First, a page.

Friday, February 12, 2016

The Projective Plane: A Visual Introduction

The statement "any two distinct lines intersect in a point" is almost true in normal plane geometry. The exception, of course, is the case of two parallel lines. However, from real experience we know from the rules of perspective that two parallel lines "converge" very far away, even if we know that they in fact maintain the same distance apart.

From this, we naturally comes the intuition that "parallel lines intersect at infinity." Certainly this tidies up our intersection statement because it provides a way for even parallel lines to intersect. But what does "at infinity" mean? Is there really a "point" there? The notion of projective space makes these ideas explicit and rigorous.

We focus on the (real) projective plane, the extension of the normal plane to include these "points at infinity" where parallel lines intersect. The set of points in the projective plane is defined, somewhat enigmatically, as "the set of lines through the origin in three-dimensional space." Defining each point to be a line in a different space seems extremely confusing at first, but there are multiple ways to visualize this concept.

The first method of visualization illustrates how the projective plane is related to the ordinary plane (sometimes called the affine plane). Consider three-dimensional space with ordinary coordinates x,y, and z as shown. The plane labeled z = 1 contains all points for which the z coordinate is 1, namely all those of the form (x,y,1). Clearly this plane is just like the ordinary two-dimensional plane (under the correspondence (x,y,1) → (x,y)), only embedded in three dimensions, like a flat sheet of paper in our world (but infinite). The dotted line shown that passes through the origin intersects the plane at the particular point (a,b,1). Remembering that the projective plane is meant to be an extension of the affine plane, we identify the dotted line with the point where it intersects the plane. Clearly, for each point in the z = 1 plane, there exists exactly one line through the origin and the given point. This shows how the ordinary plane is a subset of projective space (the set of lines through the origin)!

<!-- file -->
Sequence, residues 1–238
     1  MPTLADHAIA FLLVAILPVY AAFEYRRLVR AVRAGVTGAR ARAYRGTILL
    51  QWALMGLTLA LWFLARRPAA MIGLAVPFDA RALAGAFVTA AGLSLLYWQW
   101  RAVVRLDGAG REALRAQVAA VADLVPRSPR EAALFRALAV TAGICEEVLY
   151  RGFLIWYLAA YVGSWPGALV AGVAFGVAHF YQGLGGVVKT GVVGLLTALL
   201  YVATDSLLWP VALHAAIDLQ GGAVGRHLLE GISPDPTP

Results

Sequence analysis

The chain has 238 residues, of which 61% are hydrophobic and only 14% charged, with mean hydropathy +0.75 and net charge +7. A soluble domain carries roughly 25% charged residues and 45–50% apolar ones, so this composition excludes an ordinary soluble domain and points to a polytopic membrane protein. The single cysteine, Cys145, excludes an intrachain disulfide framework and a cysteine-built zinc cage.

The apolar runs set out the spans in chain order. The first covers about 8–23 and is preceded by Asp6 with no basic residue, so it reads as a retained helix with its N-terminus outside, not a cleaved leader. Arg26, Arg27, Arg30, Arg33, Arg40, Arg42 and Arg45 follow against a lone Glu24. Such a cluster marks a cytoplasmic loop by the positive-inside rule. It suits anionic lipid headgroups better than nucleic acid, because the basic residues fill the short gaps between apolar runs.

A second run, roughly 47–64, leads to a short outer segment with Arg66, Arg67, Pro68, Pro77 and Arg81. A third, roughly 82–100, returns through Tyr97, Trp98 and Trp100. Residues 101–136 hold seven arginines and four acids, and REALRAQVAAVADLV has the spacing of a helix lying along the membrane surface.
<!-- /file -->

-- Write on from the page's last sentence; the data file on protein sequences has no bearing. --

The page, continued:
However, not every line through the origin intersects the plane z = 1. For instance, the x-axis, the y-axis (both shown), and any other line in the plane of these two axes only contain points for which the z coordinate is 0 and can never intersect the plane z = 1 (to be clear, the three-dimensional space considered here does not have its own points at infinity!). Therefore, these lines cannot correspond to points on the ordinary plane. These special lines, in fact, are the points at infinity in the projective plane.

The above visualization illustrates the connection between the projective plane and the affine plane. It also indicates that there are many points at infinity, one for each line through the origin "lying flat" in the xy-plane. However, it fails to indicate how points at infinity are truly the intersections of parallel lines. For this, we use another visualization that chooses different representative points.

Using a sphere (or a hemisphere, to be more precise) to represent the projective plane is just as legitimate as using a plane: all that matters is that there is one point for each line through the origin. It does not matter which points we choose.